Mother inspired to become an investigator as her daughter’s murder remains unsolved

Mother inspired to become an investigator as her daughter’s murder remains unsolved
At 51, Theresa Tillman is working to become an investigator, inspired by her daughter's unsolved murder. (Source: WAFB)

BATON ROUGE, La. (WAFB) - After her daughter was killed in April 2016, Theresa Tillman, 51, decided she was going to enroll in school at Southwest Louisiana Technical Community College to become a criminal investigator.

“I’ve always had a passion for law," Tillman explains. “It got even stronger to pursue it after my daughter was taken from me"

LaShuntae Benton was a student at Southern University in Baton Rouge when she was killed. Two people were arrested in connection to the shooting, but a grand jury says there wasn’t enough clear evidence to indict the shooter.

Theresa Tillman is pursuing a career in law enforcement after her daughter's 2016 murder remains unsolved.
Theresa Tillman is pursuing a career in law enforcement after her daughter's 2016 murder remains unsolved. (Source: WAFB)

“Nobody (is) going to love your child like you love your child, so I got to get out there and do something. I got to fight for justice for my child," Tillman says.

Tillman graduated with an Associate’s Degree in Criminal Justice Monday. The 51-year-old went back to school in hopes of one day wearing a badge to put her daughter’s murder mystery to rest. She’s learned how investigators gather evidence and come up with potential suspects.

Lake Charles native LaShuntae Benton was shot and killed on April 10, 2016.
Lake Charles native LaShuntae Benton was shot and killed on April 10, 2016. (Source: KPLC)

One day hopes she can gather the skills needed to help solve her child’s case and join a law enforcement agency.

She’s learned how investigators gather evidence and come up with potential suspects.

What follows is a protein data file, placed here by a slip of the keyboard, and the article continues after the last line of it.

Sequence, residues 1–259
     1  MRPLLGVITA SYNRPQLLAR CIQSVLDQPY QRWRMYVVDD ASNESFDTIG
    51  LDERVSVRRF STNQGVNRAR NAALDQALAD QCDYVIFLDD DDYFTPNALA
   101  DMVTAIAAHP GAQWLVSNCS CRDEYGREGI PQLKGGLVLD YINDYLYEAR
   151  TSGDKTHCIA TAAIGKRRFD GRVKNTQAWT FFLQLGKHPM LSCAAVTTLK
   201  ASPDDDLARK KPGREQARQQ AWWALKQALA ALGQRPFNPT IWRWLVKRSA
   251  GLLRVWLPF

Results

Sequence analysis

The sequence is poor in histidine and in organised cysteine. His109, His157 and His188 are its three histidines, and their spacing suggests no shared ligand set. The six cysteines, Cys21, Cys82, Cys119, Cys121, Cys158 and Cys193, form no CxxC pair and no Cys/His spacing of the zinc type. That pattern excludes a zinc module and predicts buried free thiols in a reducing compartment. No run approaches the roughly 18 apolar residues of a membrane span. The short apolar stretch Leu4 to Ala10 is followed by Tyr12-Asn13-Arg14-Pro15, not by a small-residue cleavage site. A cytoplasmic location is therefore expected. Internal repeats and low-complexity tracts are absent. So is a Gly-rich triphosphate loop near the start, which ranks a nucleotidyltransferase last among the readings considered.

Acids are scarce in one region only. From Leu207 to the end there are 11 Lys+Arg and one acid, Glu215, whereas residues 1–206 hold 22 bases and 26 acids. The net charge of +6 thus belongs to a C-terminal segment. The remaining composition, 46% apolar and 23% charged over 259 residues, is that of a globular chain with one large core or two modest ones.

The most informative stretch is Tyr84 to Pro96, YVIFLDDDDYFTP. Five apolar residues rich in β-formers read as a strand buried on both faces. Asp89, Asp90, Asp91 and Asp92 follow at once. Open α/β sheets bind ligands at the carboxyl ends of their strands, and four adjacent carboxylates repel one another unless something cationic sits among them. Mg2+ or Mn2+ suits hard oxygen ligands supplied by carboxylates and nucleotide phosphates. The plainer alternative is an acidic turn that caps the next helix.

“I love my baby. I still love her. Beyond anybody’s imagination," Tillman says. “Losing a child is devastating. I don’t know if people understand this is a day to day thing for me. Hour to hour. Minute to minute."

Tillman used every second in school to push herself to get the skills to see her daughter’s killer brought to justice. “It was many nights that I questioned myself. Can you do this? Is this even in your reach?” Tillman would ask herself during those study sessions. There were many nights Tillman says she would be up at 2 a.m. studying and writing a paper.

Her daughter would assume her mother was doing this

“I had a strong passion for my children and them succeeding before this happened so I know that she knows in her heart. That I would do this," Tillman explains.

She wants BRPD to reopen the case and question witnesses again.

Photos of LaShuntae Benton adorn her mother's graduation cap.
Photos of LaShuntae Benton adorn her mother's graduation cap. (Source: KPLC)

“I believe in them. Actually, I had faith in them, and I still do. I believe that they’re going to do their job and if I got to sit here and do a little push for it, I will," Tillman says of the police department investigating her daughter’s case.

There were many nights where she would be up at 2 a.m. studying and writing a paper.

“It was many nights that I questioned myself. Can you do this? Is this even in your reach," Tillman would ask herself during those study sessions.

“It’s bittersweet because it gave me a chance to achieve something that I longed for. And at the same time. What pushed me to get out of that seat or do nothing. Which is losing my child," Tillman says.

That same spirit is sending Tillman to complete her bachelor's degree at McNeese State University. She plans to finish in 2021.

“It’s bittersweet because it gave me a chance to achieve something that I longed for. And at the same time. What pushed me to get out of that seat or do nothing. Which is losing my child," Tillman says.

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